Terra di Otranto

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The Terra di Otranto, or Terra d’Otranto (in English, Land of Otranto), is an historical and geographical region of Apulia, largely corresponding to the Salento peninsula, anciently part of the Kingdom of Sicily and later of the Kingdom of Naples, which became a province of the Kingdom of the Two Sicilies.

Terra d'Otranto emblem. It stems from the symbol of Aragon and is currently used as the coat of arms of the Province of Lecce

After the unification of Italy in the 1860s, most of the area was renamed as the Province of Lecce.


Since the eleventh century, have formed an integral part of the Terra d'Otranto the territories of today's provinces of Lecce, Taranto and Brindisi (with the exception of Fasano, Cisternino) and, until 1663, there had also included the territory of Matera.

Constituted executioner, the territory remained the administrative organization in the Kingdom of Sicily Kingdom of Naples and the next. Its capital was, at first, Otranto, but, during the Norman period (twelfth century), the city's canal was replaced by Lecce.


The Otranto was bounded on the north with the Terra di Bari, Basilicata to the west, with the Ionian Sea to the south and east by the Adriatic Sea.

It stretched for about 140 km from the so-called "threshold Messapian" located to the north, to Santa Maria di Leuca south, and on average for about 40 km between the Gulf of Taranto to the west and the Strait of Otranto in the east and then contained the whole Salento peninsula, but also a substantial part of the Murgia, known as the Valle d'Itria, and a part of the Alta Murgia declines towards the Ionian Sea.

By Act 132 of 1806 on the division and administration of the provinces of the Kingdom, launched on 8 August of that year, Joseph Bonaparte reformed the territorial division of the Kingdom of Naples on the basis of the French model, and abolished the system of justice. In the following years (between 1806 and 1811), a series of royal decrees completed the path for the establishment of the provinces with the specification of the municipalities covered in them and the definition of territorial boundaries and names of districts and districts in which it was divided each province.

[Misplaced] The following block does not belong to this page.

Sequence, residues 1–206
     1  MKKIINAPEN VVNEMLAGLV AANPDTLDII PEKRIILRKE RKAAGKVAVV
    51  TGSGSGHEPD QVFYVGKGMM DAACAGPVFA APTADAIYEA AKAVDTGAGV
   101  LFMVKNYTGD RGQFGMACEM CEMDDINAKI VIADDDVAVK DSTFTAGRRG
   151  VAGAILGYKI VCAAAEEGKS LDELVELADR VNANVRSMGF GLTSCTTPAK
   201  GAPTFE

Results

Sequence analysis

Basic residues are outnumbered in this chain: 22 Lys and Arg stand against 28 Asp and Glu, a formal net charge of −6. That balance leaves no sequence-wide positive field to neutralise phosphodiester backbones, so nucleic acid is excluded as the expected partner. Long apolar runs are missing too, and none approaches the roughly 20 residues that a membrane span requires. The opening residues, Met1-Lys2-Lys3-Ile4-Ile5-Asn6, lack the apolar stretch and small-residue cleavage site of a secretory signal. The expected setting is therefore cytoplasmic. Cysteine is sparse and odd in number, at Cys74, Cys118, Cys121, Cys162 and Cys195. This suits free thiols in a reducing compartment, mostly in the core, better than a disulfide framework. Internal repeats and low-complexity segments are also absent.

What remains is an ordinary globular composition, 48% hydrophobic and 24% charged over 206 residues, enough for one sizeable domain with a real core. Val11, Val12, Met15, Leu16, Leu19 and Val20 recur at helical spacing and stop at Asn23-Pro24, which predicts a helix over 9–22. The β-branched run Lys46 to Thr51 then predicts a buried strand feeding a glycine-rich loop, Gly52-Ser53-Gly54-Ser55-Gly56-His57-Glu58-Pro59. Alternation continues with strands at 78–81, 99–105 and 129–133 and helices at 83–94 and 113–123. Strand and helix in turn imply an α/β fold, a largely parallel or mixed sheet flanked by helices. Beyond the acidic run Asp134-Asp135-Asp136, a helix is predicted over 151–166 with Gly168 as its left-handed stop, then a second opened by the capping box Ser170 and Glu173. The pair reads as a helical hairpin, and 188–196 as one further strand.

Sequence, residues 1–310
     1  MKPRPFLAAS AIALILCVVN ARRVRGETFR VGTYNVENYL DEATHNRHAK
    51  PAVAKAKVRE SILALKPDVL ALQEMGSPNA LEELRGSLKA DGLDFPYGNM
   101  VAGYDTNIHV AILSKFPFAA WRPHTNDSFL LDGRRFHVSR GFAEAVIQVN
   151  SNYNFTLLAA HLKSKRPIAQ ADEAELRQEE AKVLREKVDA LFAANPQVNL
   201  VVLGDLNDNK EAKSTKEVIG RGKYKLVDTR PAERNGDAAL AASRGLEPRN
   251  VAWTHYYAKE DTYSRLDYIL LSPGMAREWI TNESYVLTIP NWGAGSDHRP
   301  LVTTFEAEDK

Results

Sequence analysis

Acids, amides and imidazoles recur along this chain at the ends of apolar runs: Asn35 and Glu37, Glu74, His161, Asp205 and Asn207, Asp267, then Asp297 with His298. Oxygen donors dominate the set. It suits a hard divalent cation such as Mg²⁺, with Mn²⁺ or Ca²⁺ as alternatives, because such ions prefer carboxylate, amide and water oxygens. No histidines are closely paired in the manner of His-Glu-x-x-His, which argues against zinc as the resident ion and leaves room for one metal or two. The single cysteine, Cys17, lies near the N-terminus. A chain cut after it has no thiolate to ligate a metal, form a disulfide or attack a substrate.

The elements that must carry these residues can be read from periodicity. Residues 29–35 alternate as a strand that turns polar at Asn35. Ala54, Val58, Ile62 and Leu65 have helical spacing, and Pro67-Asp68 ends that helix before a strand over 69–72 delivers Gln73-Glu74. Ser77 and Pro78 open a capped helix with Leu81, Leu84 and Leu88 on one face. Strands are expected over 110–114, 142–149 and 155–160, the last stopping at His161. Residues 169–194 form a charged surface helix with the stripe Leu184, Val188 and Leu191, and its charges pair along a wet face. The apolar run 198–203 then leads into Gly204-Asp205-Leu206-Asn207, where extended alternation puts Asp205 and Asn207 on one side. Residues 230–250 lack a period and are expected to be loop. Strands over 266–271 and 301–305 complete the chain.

From 1 January 1817 the administrative organization was finally regulated with the Law concerning the administrative district of the provinces of the Royal side of Faro Domains on 1 May 1816.

The seat of the administrative building was located in Lecce in the Celestine current seat of the prefecture.

Administrative SubdivisionEdit

The province was divided into the following hierarchical administrative levels from the previous employees. At the level immediately next to the province to identify the districts, in turn, were divided into districts. The districts were constituted by the municipalities, the basic unit of political and administrative structure of the modern state, which could head to the villages, a predominantly rural centers.

The province of Terra d'Otranto, therefore, included the following districts:

  • District of Lecce, established in 1806
  • District of Taranto, founded in 1806
  • District of Brindisi, established in 1806
  • District of Gallipoli, established in 1806

Each district was divided into districts for a total of 44

Suppression of the provinceEdit

After the unification of Italy, the Terra d'Otranto was renamed the Province of Lecce. The four districts where his territory was divided into districts remained unchanged and became the Kingdom of Italy.

During the twentieth century, the historical territory of the province will be dismembered with the creation in 1923, the Province of the Ionian and in 1927, the Province of Brindisi (which were common two aggregates, Fasano, Cisternino, formerly belonging to Bari).


The coat of arms depicts a dolphin darting in the mouth that has the crescent symbol of the Turks.[1]

The crescent was inserted after the expulsion of Muslims at the hands of Alfonso of Aragon, son of King Ferdinand I of Naples took place in 1481, a year after the fall into enemy hands.


its name is also the name of a PDO extra-virgin olive oil called Terra d'Otranto.

See alsoEdit


  1. ^ Gravili, Giuseppe. "Museum of Muro Leccese - The Turks in Terra d'Otranto". www.museomuro.it.